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D-dimer levels in VTE patients with distal and proximal clots

Published:April 20, 2018DOI:https://doi.org/10.1016/j.ajem.2018.04.040

      Abstract

      Objectives

      There is growing evidence that venous thromboembolism (VTE) patients with distal clots (distal calf deep vein thrombosis [DVT] and sub-segmental pulmonary embolism [PE]) may not routinely benefit from anticoagulation. We compared the D-dimer levels in VTE patients with distal and proximal clots.

      Methods

      We conducted a multinational, prospective observational study of low-to-intermediate risk adult patients presenting to the emergency department (ED) with suspected VTE. Patients were classified as distal (calf DVT or sub-segmental PE) or proximal (proximal DVT or non-sub-segmental PE) clot groups and compared with univariate and multivariate analyses.

      Results

      Of 1752 patients with suspected DVT, 1561 (89.1%) had no DVT, 78 (4.4%) had a distal calf DVT, and 113 (6.4%) had a proximal DVT. DVT patients with proximal clots had higher D-dimer levels (3760 vs. 1670 mg/dL) than with distal clots. Sensitivity and negative predictive value (NPV) for proximal DVT at an optimal D-dimer cutoff of 5770 mg/dL were 40.7% and 52.1% respectively. Of 1834 patients with suspected PE, 1726 (94.1%) had no PE, 7 (0.4%) had isolated sub-segmental PE, and 101 (5.5%) had non-sub-segmental PE. PE patients with proximal clots had higher D-dimer levels (4170 vs. 2520 mg/dL) than those with distal clots. Sensitivity and NPV for proximal PE at an optimal D-dimer cutoff of 3499 mg/dL were 57.4% and 10.4% respectively.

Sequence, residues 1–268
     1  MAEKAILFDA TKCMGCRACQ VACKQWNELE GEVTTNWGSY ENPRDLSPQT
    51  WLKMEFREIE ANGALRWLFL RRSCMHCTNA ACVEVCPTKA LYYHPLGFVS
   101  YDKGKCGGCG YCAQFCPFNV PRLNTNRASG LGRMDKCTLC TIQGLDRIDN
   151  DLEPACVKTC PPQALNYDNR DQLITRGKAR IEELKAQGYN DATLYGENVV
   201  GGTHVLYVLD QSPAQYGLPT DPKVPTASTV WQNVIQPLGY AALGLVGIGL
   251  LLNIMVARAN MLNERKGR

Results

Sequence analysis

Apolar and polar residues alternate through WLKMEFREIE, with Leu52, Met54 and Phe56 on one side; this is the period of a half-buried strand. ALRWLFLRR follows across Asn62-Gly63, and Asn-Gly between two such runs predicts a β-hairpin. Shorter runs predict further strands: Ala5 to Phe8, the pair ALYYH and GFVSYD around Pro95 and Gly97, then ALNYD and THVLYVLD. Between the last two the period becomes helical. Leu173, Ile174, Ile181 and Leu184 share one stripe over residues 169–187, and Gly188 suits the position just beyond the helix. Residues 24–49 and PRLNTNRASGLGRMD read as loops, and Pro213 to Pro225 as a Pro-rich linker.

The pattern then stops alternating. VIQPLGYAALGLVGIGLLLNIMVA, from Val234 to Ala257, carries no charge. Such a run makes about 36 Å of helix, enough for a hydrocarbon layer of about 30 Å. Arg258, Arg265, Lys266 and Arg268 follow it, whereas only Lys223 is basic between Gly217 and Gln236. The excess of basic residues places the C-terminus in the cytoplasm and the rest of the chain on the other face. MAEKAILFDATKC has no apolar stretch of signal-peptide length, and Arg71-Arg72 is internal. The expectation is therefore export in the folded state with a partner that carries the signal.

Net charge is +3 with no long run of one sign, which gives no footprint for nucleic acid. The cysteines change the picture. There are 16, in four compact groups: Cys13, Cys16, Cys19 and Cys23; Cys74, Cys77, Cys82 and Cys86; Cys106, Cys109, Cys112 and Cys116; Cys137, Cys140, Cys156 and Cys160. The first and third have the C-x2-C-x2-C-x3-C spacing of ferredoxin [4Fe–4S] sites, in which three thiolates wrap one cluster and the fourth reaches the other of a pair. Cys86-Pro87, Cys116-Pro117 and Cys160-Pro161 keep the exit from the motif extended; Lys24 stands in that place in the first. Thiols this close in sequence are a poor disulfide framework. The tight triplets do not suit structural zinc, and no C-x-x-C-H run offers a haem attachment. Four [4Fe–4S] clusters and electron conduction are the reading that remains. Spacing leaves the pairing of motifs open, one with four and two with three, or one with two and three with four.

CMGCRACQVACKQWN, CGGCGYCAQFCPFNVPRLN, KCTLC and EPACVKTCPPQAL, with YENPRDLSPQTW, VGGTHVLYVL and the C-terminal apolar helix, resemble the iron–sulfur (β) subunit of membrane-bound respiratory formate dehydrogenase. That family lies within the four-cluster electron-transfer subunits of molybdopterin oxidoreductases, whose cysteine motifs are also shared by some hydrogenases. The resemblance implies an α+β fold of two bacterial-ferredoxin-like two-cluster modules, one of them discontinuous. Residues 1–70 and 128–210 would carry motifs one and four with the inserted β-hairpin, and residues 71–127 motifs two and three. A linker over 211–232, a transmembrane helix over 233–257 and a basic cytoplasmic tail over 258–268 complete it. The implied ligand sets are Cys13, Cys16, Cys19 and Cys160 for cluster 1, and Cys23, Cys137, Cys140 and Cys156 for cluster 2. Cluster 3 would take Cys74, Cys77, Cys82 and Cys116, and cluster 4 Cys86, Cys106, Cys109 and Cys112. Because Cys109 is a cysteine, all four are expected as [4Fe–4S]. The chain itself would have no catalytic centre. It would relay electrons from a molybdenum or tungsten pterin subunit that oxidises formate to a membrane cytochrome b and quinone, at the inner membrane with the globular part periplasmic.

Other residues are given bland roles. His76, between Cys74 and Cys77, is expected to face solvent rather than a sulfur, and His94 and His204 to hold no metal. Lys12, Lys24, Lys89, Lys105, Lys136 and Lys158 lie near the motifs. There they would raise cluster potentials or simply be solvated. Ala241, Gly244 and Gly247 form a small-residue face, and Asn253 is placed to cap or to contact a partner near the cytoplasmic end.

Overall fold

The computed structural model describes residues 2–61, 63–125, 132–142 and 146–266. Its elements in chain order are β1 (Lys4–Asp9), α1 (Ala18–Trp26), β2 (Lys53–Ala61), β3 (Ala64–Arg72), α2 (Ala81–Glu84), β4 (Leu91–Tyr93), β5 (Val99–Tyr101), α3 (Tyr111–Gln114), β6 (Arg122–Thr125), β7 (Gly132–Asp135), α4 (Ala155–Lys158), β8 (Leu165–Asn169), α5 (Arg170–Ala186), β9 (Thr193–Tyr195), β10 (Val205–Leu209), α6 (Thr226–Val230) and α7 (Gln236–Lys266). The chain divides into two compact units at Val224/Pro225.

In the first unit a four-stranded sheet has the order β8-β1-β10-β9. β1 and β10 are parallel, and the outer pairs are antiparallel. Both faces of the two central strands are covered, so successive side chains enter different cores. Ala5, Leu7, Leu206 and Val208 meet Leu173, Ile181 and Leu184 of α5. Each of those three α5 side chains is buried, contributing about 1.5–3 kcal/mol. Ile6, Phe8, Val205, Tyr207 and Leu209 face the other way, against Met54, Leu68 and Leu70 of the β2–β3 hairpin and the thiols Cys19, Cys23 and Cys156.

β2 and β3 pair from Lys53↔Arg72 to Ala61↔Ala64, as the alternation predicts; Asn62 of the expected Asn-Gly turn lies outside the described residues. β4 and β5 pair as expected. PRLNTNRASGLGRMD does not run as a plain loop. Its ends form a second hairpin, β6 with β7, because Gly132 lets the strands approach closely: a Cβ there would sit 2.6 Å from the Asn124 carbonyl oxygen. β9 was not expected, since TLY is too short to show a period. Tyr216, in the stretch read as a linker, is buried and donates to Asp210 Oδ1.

Conclusions

      VTE patients with proximal clots had higher D-dimer levels than patients with distal clots. However, D-dimer levels cannot be used alone to discriminate between VTE patients with distal or proximal clots.

      Keywords

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